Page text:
What is it about?
The connection between bone shape and bone adaptive responses is likely to be useful in forecasting the response of long bones to a training program as well as predicting their internal loading. A variety of geometrical parameters (shape indices) in cross sections (slices) within the diaphysis of equine MC3 bones was measured. These values were then compared to assess their significant changes employing ANOVA and t-tests.
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Why is it important?
Insight into the changes of the studied geometrical parameters will assist in determining the effects of maturation and exercise history on bone modelling around the midshaft of long bones. They also provide invaluable input parameters to conduct reliable artificial neural network analyses.
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This page is a summary of: Converging-diverging shape configuration of the diaphysis of equine third metacarpal bone through computer-aided design, Comparative Exercise Physiology, December 2019, Wageningen Academic Publishers,
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Prediction of displacement in the equine third metacarpal bone using a neural network prediction algorithm
Bone is a nonlinear, inhomogeneous and anisotropic material. To predict the behavior of bones expert systems are employed to reduce the computational cost and to enhance the accuracy of simulations. In this study, an artificial neural network (ANN) was used for the prediction of displacement in long bones followed by ex-vivo experiments. Three hydrated third metacarpal bones (MC3) from 3 thoroughbred horses were used in the experiments. A set of strain gauges were distributed around the midshaft of the bones. These bones were then loaded in compression in an MTS machine. The recordings of strains, load, Load exposure time, and displacement were used as ANN input parameters. The ANN which was trained using 3,250 experimental data points from two bones predicted the displacement of the third bone (R2 ≥ 0.98). It was suggested that the ANN should be trained using noisy data points. The proposed modification in the training algorithm makes the ANN very robust against noisy inputs measurements. The performance of the ANN was evaluated in response to changes in the number of input data points and then by assuming a lack of strain data. A finite element analysis (FEA) was conducted to replicate one cycle of force-displacement experimental data (to gain the same accuracy produced by the ANN). The comparison of FEA and ANN displacement predictions indicates that the ANN produced a satisfactory outcome within a couple of seconds, while FEA required more than 160 times as long to solve the same model (CPU time: 5 h and 30 min).
Accuracy Quantification of the Reverse Engineering and High-Order Finite Element Analysis of Equine MC3 Forelimb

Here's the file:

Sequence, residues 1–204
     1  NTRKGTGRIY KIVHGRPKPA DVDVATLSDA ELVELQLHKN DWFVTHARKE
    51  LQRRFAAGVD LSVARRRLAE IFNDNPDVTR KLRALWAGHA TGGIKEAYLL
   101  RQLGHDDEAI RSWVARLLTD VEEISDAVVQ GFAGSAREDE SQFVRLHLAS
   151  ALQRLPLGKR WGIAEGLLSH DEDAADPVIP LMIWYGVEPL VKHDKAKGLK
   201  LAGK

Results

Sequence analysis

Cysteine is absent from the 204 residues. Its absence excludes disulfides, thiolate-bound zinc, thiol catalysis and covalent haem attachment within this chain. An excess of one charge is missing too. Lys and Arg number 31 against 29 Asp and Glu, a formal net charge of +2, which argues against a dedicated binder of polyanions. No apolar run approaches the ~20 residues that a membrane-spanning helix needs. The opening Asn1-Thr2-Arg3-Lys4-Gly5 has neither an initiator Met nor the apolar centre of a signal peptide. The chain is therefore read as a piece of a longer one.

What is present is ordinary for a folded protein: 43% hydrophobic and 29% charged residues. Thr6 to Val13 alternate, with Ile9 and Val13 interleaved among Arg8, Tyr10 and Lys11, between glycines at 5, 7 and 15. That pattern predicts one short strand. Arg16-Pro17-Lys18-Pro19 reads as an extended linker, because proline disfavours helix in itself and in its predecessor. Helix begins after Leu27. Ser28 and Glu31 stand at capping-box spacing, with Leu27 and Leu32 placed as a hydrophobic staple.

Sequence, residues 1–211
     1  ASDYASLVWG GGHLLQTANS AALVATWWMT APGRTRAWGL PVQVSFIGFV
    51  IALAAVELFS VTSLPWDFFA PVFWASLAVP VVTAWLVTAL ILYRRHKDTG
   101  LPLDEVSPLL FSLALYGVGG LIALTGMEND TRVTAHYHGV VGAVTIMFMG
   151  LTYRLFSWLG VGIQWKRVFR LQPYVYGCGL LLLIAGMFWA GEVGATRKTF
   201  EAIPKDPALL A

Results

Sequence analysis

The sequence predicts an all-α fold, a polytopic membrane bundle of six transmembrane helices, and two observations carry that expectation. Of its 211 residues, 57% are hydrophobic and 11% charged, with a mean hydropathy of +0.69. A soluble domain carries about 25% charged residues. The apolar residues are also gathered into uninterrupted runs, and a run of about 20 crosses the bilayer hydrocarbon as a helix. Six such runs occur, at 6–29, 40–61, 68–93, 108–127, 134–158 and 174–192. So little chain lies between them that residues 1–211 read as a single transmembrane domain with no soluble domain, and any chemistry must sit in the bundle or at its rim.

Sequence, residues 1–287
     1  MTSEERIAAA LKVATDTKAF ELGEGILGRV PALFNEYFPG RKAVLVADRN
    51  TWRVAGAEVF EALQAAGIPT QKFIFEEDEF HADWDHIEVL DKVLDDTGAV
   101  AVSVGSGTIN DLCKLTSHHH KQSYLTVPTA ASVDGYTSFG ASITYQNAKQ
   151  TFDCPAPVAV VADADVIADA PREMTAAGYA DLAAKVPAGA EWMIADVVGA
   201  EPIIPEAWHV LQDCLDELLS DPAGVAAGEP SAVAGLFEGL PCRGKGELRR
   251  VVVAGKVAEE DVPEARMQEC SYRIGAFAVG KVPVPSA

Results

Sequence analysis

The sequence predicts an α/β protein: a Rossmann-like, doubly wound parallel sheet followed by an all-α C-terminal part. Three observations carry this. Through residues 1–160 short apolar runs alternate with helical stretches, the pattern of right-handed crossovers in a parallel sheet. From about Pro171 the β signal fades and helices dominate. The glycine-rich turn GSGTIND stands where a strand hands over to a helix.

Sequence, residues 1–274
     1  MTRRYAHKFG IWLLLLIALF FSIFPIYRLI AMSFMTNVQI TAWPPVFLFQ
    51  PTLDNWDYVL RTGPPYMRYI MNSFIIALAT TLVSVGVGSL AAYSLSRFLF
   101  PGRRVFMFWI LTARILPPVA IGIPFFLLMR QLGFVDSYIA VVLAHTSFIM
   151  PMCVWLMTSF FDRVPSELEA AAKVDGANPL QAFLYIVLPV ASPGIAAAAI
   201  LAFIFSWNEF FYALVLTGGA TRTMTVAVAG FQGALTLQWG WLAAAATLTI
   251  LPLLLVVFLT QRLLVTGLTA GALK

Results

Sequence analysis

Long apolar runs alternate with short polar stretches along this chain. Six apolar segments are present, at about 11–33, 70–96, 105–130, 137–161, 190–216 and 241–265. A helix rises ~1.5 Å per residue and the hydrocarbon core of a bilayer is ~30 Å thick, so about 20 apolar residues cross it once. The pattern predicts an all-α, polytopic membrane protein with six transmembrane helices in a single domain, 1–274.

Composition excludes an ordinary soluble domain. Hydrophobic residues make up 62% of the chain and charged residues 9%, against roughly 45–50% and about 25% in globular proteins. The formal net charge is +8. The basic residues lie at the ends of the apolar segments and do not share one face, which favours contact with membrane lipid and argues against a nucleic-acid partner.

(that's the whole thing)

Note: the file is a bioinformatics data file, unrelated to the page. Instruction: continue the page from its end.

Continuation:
Shape is a key factor in influencing mechanical responses of bones. Considered to be smart viscoelastic and inhomogeneous materials, bones are stimulated to change shape (model and remodel) when they experience changes in the compressive strain distribution. Using reverse engineering techniques via computer-aided design (CAD) is crucial to create a virtual environment to investigate the significance of shape in biomechanical engineering. Nonetheless, data are lacking to quantify the accuracy of generated models and to address errors in finite element analysis (FEA). In the present study, reverse engineering through extrapolating cross-sectional slices was used to reconstruct the diaphysis of 15 equine third metacarpal bones (MC3). The reconstructed geometry was aligned with, and compared against, computed tomography–based models (reference models) of these bones and then the error map of the generated surfaces was plotted. The minimum error of reconstructed geometry was found to be +0.135 mm and -0.185 mm (0.407 mm ± 0.235, P > .05 and −0.563 mm ± 0.369, P > .05 for outside [convex] and inside [concave] surface position, respectively). Minor reconstructed surface error was observed on the dorsal cortex (0.216 mm ± 0.07, P > .05) for the outside surface and −0.185 mm ± 0.13, P > .05 for the inside surface. In addition, a displacement-based error estimation was used on 10 MC3 to identify poorly shaped elements in FEA, and the relations of finite element convergence analysis were used to present a framework for minimizing stress and strain errors in FEA. Finite element analysis errors of 3%–5% provided in the literature are unfortunate. Our proposed model, which presents an accurate FEA (error of 0.12%) in the smallest number of iterations possible, will assist future investigators to maximize FEA accuracy without the current runtime penalty.
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